During the Cooper 1.5-mile run test, subjects were asked to run 1.5 miles as fast as possible. As an adjunct to learning, I find this an opportune time to discuss running patterns and how they alter with changes to step rate, stride length, cadence, and speed. We debate the changes we anticipate will return with an increase in running speed, and how varying running patterns can lead to an increase or decrease in the forces transmitted up the kinetic chain and how it is related to an increase in running-related injuries. And we end by confirming with video analysis.
With the invention of smartphones and the slow-motion feature embedded in all cameras, providing valuable visual evidence of the gait pattern is easy (see videos below)! There are pricier apps and computer software which do add value depending on your client or patient population, but they aren’t for all clinics.
But we also take time to talk about how to properly analyze running gait mechanics. Given that my students this semester are undergraduates, and do not have the higher-level knowledge base, I prefer using a simple method I was introduced to a while back in an article written by Christopher Johnson, a physical therapist from Seattle, WA who specializes in the endurance athletes but mainly runners.
Chris calls it “The Four S’s of Running Analysis” and it includes:
- Sound: Is it loud or quiet? Is the sound symmetrical between left and right?
- Strike: Is it rearfoot (heel strike), midfoot, or forefoot? Is it symmetrical between left and right?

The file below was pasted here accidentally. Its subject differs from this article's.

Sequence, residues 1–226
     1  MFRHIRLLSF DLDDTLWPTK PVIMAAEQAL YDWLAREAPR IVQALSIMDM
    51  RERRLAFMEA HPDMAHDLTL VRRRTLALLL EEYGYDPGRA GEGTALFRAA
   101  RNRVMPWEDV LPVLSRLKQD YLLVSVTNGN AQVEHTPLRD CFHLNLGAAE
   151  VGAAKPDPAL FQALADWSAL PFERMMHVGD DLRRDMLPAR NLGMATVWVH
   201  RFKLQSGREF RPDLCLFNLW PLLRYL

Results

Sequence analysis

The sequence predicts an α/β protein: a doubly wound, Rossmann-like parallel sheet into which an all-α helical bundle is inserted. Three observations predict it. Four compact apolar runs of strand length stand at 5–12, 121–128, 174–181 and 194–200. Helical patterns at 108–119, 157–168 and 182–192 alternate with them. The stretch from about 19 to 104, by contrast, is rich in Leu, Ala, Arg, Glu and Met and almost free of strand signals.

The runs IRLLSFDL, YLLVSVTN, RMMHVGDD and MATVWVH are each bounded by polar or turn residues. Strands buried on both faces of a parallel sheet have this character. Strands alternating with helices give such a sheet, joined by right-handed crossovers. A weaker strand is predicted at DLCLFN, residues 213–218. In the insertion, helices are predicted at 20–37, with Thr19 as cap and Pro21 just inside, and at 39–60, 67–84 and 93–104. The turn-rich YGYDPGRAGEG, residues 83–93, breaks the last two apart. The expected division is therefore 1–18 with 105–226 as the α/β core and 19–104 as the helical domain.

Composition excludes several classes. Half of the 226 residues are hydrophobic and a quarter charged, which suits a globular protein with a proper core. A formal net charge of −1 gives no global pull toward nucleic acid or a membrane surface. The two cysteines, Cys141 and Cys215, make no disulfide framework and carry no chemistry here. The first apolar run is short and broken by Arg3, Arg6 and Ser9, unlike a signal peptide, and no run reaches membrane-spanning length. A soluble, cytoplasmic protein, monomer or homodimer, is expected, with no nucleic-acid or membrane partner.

- Step Rate: A higher step rate while keeping velocity constant reduces the risk for running-related injuries
- Speed: Runners at lower speeds tend to use calf muscles more; at higher speeds we use more of our hips to maintain running speed
This simple method concisely summarizes many of the items physical therapists (including myself) use when doing a running gait analysis but without the complexities of a detailed sub-analysis. It is ideal for students or novice clinicians, as it does the job to help identify other areas to investigate. Ideally, experienced physical therapists will take it a step (pun intended) further.
But I also believe that with proper teaching, clients and patients can utilize this method to become more in-tune with their running pattern on a basic level, which can reduce running-related injuries from occurring AND reoccurring. Always seek out an experienced physical therapist for an in-depth analysis of your running gait pattern.
Below is the footage I recorded of two subjects performing the Cooper 1.5-mile Run Test. First, some background on the two subjects:
- Student A: 20-year-old female long-distance runner who specializes in 1-mile, 5k, and 10k events (5:07 mile pace)
- Student B: 20-year-old female lacrosse player who runs as part of her training and conditioning (6:00 mile pace)
What do you see in the videos based on "The Four S's of Running Analysis"?